Two UNT Health Science Center School of Public Health domestic tuberculosis researchers have received one of four new $100,000 grants to enable emerging researchers to explore the effect of public health services on population health.
Principal Investigator Thaddeus Miller, DrPH, Assistant Professor, Department of Health Management and Policy and the Department of Medicine, and his mentor, José Pagán, PhD, Professor and Chair, Health Management and Policy, will work with the local public health community to study the cost of public health investment in domestic tuberculosis control, as well as health and other individual losses. Their work will include looking at new tools for public protection and progress toward TB elimination by local, state and regional TB control authorities and public health systems.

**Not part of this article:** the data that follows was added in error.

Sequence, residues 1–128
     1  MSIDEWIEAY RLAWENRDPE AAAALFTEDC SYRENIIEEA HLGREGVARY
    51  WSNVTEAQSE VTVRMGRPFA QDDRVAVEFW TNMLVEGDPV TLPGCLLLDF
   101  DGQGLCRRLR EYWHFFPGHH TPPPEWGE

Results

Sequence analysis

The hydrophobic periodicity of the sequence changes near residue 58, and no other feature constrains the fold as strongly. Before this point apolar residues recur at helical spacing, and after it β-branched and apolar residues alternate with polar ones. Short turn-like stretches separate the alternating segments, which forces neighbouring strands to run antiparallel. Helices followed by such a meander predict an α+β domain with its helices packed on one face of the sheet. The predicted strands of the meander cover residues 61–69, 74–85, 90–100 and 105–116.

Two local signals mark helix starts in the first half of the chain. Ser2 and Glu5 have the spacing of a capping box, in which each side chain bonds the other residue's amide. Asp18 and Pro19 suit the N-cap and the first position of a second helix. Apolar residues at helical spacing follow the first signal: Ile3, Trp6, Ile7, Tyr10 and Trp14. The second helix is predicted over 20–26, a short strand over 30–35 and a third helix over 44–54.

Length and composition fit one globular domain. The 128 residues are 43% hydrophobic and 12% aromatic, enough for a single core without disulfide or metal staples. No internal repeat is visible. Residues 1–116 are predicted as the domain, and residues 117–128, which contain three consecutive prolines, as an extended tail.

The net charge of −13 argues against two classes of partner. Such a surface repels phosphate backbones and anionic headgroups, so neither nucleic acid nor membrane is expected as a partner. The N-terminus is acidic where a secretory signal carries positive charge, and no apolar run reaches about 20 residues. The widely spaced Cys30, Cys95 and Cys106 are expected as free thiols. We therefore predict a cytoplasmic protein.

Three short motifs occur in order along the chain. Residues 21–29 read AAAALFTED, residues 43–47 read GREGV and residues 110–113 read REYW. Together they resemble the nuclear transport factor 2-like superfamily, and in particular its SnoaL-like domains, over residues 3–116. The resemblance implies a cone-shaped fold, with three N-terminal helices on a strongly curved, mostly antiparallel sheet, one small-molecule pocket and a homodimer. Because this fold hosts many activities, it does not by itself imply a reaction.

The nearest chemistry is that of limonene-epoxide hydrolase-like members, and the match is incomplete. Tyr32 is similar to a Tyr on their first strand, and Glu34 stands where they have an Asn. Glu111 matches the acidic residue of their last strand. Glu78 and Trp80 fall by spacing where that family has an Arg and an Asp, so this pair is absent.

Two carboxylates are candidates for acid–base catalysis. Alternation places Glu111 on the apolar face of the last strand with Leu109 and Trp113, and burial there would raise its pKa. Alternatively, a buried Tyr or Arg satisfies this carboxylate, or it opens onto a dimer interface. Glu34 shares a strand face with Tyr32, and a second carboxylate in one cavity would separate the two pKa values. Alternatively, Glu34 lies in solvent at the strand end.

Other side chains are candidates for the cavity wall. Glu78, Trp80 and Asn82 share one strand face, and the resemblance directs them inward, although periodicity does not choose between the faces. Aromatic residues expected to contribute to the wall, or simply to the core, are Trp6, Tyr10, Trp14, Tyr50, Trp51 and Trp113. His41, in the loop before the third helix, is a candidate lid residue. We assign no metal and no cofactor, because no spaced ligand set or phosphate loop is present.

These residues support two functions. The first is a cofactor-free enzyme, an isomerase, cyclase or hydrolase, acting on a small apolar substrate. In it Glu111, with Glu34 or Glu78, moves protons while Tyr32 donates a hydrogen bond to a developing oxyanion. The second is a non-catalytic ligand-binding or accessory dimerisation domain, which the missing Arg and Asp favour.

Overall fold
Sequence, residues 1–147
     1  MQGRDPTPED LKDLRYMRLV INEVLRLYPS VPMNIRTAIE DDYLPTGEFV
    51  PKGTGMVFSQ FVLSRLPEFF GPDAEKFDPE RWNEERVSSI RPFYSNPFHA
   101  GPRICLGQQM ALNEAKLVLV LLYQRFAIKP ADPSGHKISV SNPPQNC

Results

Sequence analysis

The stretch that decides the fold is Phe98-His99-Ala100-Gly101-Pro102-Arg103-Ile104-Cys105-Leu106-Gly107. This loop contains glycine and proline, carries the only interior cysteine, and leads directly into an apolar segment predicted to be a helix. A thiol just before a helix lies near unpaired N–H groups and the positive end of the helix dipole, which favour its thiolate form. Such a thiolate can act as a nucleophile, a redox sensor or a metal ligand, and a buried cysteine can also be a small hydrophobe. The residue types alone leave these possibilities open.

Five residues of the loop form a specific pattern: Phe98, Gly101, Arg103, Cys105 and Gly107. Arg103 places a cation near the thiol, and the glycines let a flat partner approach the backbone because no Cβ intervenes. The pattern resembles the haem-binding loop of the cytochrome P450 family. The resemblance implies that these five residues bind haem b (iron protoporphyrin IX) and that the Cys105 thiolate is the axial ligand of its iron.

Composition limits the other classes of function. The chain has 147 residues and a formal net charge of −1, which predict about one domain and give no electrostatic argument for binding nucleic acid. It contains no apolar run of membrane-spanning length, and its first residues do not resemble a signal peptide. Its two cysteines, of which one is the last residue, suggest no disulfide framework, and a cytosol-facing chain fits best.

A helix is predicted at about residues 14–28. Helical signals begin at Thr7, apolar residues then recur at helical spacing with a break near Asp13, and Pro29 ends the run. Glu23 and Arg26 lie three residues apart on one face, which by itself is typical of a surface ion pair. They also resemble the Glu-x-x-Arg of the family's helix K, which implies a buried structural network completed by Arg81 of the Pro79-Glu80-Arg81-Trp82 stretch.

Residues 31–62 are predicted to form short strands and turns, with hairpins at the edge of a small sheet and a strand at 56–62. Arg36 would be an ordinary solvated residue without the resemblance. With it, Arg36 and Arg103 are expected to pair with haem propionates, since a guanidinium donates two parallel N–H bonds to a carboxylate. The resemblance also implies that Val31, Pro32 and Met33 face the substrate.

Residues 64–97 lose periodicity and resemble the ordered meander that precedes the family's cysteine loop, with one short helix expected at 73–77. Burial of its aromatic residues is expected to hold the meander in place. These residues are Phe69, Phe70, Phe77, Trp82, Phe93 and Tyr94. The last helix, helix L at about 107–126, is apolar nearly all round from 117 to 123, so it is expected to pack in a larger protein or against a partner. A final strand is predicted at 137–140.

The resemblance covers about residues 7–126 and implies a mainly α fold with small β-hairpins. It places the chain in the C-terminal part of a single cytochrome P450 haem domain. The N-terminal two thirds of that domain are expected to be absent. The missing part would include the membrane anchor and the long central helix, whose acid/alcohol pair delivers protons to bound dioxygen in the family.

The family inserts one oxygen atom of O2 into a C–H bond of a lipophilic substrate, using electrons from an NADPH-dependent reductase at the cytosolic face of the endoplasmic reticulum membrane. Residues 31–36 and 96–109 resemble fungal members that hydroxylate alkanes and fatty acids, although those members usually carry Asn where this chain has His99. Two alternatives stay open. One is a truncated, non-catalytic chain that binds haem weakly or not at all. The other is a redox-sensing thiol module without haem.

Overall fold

The two-year Mentored Research Scientist Development Award from the National Coordinating Center for Public Health Services and Systems Research (PHSSR), housed at the University of Kentucky College of Public Health and funded by the Robert Wood Johnson Foundation, will support the examination of issues including health information exchange; disparities in access to public water and sanitation; costs of controlling tuberculosis; and local public health departments' use of social media tools.
The awards are designed to produce timely evidence to guide decisions by public health practitioners and policy-makers, while enabling early career investigators to develop the backgrounds and skills needed to establish independent careers in PHSSR and compete for other funding opportunities.
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